But Owen has also talked about the issues which affect our families and our communities. Investing £60 billion extra over 5 years in the NHS funded through new taxes on the wealthiest. Building 300,000 new homes a year over 5 years, half of which should be social housing. Investing in Sure Start schemes by scrapping the charitable status of private schools. That’s why we are backing Owen.

The Labour Party is at a crossroads. We cannot ignore reality – we need to be radical but we also need to be credible – capable of winning the support of the British people. We need an effective Opposition and we need a Labour Government to put policies into practice that will defend our members’ and their families’ interests. That’s why we are backing Owen.

Steve Hibbert, Convenor Rolls Royce, Derby
Howard Turner, Senior Steward, Walter Frank & Sons Limited
Danny Coleman, Branch Secretary, GE Aviation, Wales
Karl Daly, Deputy Convenor, Rolls Royce, Derby
Nigel Stott, Convenor, BASSA, British Airways
John Brough, Works Convenor, Rolls Royce, Barnoldswick
John Bennett, Site Convenor, Babcock Marine, Devonport, Plymouth
Kevin Langford, Mechanical Convenor, Babcock, Devonport, Plymouth
John McAllister, Convenor, Vector Aerospace Helicopter Services
Garry Andrews, Works Convenor, Rolls Royce, Sunderland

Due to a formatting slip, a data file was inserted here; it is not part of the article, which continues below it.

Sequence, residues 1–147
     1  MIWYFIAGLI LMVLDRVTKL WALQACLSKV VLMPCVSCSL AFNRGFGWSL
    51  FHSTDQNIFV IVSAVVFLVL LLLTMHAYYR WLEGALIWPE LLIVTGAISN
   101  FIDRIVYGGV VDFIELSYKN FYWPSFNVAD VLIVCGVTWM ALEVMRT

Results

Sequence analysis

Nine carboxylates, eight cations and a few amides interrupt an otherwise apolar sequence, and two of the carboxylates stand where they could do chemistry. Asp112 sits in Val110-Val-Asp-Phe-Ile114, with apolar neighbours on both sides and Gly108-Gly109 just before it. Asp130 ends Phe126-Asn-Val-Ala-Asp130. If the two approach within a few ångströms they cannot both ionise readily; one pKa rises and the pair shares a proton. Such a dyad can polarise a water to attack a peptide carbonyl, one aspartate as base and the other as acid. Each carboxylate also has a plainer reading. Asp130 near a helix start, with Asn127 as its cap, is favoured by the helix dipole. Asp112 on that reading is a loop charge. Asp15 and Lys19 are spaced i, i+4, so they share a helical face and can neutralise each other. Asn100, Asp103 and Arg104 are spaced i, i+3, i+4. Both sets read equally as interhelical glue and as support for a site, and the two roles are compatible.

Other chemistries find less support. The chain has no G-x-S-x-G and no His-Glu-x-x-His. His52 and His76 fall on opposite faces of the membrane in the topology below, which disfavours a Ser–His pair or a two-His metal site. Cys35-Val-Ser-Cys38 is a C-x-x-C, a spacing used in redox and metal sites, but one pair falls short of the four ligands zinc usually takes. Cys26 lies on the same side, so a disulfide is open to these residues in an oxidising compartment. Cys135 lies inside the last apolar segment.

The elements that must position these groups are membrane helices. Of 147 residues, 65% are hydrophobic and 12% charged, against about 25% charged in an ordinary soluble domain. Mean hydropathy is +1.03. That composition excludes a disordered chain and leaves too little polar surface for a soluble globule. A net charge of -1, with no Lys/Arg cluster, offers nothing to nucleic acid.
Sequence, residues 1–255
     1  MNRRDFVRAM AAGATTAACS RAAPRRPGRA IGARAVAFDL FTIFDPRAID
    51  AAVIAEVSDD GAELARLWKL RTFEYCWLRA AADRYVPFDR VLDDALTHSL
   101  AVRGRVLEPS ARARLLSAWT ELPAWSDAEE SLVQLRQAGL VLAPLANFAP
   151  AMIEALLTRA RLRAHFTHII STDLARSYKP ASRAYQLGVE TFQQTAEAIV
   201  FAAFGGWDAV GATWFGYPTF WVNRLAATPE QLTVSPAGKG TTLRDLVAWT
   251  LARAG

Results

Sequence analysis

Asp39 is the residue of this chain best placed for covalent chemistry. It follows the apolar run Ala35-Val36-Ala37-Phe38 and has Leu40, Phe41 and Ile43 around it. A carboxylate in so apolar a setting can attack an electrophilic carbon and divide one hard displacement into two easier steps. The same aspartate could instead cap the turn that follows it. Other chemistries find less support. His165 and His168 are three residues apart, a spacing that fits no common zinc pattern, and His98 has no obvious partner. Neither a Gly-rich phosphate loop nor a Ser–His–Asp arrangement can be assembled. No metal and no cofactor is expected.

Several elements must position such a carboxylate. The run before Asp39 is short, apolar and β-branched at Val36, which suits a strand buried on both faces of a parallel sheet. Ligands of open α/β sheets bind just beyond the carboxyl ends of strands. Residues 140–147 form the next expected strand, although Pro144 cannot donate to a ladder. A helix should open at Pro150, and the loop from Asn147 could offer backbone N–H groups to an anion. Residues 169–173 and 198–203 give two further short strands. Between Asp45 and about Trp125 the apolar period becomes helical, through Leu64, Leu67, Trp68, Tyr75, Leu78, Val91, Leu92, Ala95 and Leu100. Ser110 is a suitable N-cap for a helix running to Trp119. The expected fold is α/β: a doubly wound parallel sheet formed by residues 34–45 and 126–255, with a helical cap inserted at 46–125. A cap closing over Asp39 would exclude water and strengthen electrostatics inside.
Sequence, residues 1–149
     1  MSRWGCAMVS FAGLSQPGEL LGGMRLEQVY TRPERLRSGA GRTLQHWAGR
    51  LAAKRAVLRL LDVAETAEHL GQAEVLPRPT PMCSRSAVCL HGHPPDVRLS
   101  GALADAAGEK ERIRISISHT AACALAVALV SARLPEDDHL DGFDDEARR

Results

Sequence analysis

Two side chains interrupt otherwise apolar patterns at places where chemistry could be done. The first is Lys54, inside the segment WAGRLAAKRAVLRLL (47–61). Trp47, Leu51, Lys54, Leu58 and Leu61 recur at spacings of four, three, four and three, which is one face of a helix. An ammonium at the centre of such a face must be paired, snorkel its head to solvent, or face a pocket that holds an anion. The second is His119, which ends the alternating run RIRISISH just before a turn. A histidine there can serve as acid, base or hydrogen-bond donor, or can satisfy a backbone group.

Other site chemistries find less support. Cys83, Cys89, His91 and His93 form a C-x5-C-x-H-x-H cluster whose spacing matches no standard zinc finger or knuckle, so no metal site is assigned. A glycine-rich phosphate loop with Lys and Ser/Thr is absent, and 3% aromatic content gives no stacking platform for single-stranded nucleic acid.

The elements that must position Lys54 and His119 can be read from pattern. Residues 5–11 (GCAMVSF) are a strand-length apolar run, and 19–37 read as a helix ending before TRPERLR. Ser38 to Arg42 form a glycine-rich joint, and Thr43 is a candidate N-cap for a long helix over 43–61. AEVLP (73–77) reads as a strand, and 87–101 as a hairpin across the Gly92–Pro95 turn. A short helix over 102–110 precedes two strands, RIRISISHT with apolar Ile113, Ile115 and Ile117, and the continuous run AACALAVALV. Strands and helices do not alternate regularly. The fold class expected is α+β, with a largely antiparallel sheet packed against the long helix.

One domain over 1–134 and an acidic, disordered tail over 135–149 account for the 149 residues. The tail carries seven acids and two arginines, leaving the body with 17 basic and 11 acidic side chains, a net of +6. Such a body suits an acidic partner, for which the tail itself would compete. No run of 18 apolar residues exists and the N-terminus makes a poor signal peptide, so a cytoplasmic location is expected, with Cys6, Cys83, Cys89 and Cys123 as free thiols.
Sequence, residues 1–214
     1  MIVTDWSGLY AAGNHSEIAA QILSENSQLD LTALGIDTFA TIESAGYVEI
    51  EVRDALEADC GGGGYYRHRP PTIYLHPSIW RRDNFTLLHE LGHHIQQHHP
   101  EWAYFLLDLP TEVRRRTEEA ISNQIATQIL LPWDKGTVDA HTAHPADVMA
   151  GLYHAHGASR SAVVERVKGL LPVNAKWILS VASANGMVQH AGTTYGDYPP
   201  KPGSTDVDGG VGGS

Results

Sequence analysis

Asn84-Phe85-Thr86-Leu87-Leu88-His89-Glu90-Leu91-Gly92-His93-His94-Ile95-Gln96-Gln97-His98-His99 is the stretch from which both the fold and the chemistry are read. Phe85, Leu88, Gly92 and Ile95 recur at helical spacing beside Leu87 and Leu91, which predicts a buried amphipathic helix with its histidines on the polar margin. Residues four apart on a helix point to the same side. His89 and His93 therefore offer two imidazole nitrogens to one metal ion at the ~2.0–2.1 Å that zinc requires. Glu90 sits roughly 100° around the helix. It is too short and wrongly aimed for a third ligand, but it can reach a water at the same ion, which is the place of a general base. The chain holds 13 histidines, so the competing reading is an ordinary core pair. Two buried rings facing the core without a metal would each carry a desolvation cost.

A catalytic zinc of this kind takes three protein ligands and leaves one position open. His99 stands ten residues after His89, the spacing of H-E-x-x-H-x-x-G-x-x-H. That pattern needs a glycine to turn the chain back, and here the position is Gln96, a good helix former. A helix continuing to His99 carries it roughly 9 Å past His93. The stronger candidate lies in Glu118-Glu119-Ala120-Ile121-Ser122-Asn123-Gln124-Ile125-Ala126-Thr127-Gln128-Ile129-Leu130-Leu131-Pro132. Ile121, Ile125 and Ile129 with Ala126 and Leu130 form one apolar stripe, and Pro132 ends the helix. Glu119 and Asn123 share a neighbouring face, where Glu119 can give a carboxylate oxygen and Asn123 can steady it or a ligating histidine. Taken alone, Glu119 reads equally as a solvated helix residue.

Steve Froggatt, Deputy Convenor, Rolls Royce, Derby
Jim McGivern, Convenor, Rolls Royce, Derby
Alan Bird, Chairman & Senior Rep, Rolls Royce, Derby
Raymond Duguid, Convenor, Babcock, Rosyth
Steve Duke, Senior Staff Rep, Rolls Royce, Barnoldswick
Paul Welsh, Works Convenor, Brush Electrical Machines, Loughborough
Bob Holmes, Manual Convenor, BAE Systems, Warton, Lancs
Simon Hemmings, Staff Convenor, Rolls Royce, Derby
Mick Forbes, Works Convenor, GKN, Birmingham
Ian Bestwick, Chief Negotiator, Rolls Royce Submarines, Derby
Mark Barron, Senior Staff Rep, Pallion, Sunderland
Ian Hodgkison, Chief Negotiator, PCO, Rolls Royce
Joe O’Gorman, Convenor, BAE Systems, Maritime Services, Portsmouth
Azza Samms, Manual Workers Convenor, BAE Systems Submarines, Barrow
Dave Thompson, Staff Convenor, BAE Systems Submarines, Barrow
Tim Griffiths, Convenor, BAE Systems Submarines, Barrow
Paul Blake, Convenor, Princess Yachts, Plymouth
Steve Jones, Convenor, Rolls Royce, Bristol
Colin Gosling, Senior Rep, Siemens Traffic Solutions, Poole

Stephen Bush is special correspondent at the New Statesman. He usually writes about politics.